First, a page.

Andrew wasn't one of the panhandlers we see in Orlando. He refused to beg for money and he wanted to work for whatever he was given. His health got worse but he still did what he could. Right up until March 16, 2010 when Andrew passed away, no matter what happened to him during his life, Andrew proved that this veteran was not hopeless, not helpless because he found the fulfillment of hope in the arms of strangers who took him in and he found help as he asked as well as gave.

The legacy of this homeless veteran is that he touched the lives of so many hearts and will never be forgotten.

Behind this church, in a tiny shed, Andew spent his last hours on this earth. Born in Riverside Park NJ on November 5, 1938 he returned to God on March 16, 2010.




John 14:2-3
In my Father's house are many rooms; if it were not so, I would have told you. I am going there to prepare a place for you. And if I go and prepare a place for you, I will come back and take you to be with me that you also may be where I am.

Matthew 25

35 For I was hungry and you gave me something to eat, I was thirsty and you gave me something to drink, I was a stranger and you invited me in,

36 I needed clothes and you clothed me, I was sick and you looked after me, I was in prison and you came to visit me.'

This video tells the rest of the story. If you want to believe again people can make a huge difference in the lives of others, watch it. If you want to believe that God is still interested in all of us, watch the video.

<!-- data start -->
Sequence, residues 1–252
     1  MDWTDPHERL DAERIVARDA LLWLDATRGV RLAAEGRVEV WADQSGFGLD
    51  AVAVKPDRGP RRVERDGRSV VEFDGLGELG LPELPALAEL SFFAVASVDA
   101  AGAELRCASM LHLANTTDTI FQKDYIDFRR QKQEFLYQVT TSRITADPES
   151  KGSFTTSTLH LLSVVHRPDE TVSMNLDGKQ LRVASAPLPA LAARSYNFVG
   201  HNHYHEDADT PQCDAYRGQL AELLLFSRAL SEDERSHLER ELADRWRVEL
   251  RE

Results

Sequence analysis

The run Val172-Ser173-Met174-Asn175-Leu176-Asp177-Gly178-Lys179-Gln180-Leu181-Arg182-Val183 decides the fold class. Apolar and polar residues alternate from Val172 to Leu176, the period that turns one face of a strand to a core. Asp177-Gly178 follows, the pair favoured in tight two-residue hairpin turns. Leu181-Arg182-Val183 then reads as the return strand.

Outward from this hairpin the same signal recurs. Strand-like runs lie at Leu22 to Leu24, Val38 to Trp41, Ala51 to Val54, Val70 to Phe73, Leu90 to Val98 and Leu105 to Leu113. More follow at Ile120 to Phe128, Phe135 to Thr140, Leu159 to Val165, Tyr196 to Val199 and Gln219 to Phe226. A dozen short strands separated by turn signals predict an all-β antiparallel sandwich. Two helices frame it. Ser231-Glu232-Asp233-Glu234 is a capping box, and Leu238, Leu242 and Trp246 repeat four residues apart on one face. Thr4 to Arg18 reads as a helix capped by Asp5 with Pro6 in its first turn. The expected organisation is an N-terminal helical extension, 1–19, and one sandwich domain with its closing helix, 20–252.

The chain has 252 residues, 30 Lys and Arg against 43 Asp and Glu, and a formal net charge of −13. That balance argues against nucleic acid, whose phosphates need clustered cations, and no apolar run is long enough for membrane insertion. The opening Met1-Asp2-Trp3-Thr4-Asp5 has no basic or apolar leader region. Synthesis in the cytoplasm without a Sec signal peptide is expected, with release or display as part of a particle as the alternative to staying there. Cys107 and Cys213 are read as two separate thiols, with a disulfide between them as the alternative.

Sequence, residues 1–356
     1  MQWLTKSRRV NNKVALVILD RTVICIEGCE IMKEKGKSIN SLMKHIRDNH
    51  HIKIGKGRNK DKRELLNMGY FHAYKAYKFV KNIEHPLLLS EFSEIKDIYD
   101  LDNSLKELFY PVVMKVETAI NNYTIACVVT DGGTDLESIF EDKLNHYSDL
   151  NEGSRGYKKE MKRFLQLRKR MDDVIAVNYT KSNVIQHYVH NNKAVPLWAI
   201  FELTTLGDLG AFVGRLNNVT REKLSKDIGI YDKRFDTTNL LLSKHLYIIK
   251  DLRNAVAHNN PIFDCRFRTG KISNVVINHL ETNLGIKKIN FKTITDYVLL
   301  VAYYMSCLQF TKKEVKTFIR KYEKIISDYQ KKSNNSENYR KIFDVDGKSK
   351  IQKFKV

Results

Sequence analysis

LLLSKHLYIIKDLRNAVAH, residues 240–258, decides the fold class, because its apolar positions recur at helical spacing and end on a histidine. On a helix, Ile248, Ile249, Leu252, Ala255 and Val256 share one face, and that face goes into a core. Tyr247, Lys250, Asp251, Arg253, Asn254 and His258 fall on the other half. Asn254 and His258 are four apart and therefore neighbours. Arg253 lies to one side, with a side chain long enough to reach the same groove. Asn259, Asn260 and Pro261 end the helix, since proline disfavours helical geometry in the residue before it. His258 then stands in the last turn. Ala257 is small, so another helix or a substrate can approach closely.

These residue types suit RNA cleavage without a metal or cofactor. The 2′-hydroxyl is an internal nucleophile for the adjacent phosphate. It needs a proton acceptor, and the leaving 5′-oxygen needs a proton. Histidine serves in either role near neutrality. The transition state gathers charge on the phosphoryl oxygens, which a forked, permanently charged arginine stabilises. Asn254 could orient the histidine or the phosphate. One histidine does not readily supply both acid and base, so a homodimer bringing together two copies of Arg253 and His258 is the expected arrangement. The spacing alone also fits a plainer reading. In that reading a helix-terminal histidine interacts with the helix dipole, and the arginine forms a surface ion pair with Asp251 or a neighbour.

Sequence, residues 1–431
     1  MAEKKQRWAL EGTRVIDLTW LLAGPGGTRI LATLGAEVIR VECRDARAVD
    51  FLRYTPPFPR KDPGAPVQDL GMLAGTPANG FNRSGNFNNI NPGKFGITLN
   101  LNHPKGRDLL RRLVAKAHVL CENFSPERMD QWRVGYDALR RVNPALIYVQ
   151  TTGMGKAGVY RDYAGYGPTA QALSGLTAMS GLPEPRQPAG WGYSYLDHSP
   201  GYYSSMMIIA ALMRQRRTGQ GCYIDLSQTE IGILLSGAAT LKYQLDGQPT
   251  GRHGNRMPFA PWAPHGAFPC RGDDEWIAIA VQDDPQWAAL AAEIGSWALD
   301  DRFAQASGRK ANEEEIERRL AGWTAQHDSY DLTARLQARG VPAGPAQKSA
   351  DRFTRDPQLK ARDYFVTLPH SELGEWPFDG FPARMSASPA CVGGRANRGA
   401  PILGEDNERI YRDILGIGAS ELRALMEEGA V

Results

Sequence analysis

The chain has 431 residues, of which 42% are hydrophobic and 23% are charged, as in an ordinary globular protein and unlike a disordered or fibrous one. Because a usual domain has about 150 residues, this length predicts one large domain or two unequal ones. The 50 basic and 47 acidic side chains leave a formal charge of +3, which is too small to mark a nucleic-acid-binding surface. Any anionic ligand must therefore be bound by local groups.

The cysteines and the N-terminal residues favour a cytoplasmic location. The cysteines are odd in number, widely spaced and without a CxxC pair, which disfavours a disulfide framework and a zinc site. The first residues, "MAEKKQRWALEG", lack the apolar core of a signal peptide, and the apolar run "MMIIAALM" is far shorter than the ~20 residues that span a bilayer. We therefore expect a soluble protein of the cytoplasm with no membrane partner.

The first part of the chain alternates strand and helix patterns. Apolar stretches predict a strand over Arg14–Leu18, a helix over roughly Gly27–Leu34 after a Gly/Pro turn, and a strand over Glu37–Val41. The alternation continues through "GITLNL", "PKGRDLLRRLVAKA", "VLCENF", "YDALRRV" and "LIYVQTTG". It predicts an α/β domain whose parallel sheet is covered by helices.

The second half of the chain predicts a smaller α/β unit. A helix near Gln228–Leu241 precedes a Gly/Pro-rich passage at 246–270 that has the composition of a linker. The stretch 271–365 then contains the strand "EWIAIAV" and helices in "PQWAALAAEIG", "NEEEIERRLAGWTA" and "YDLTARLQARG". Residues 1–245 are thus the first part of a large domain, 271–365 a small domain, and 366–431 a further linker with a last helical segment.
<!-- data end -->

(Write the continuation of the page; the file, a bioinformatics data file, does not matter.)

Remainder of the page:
Rev. Joel and this church touched me so much I had to do the post on what they did for Andrew. 

Because God tugged at them to help and tugged at me to get the story out, a Dad's love for his children was finally known.

First United Church of Christ proved that miracles can still happen. They took in a homeless Vietnam Veteran, gave him love and gave a family closure. His son was serving in the Marines when he found out what happened to his Dad. A simple casket with an American flag for Vietnam Veteran Andrew Elmer Wright.
So there you have it. How many lives were changed? Because a homeless veteran found a place where he could call home, and where he was loved. Children discovered why they were put up for adoption and that their Dad did not give up on finding them. All because people put #LoveInAction and created the miracle that grew.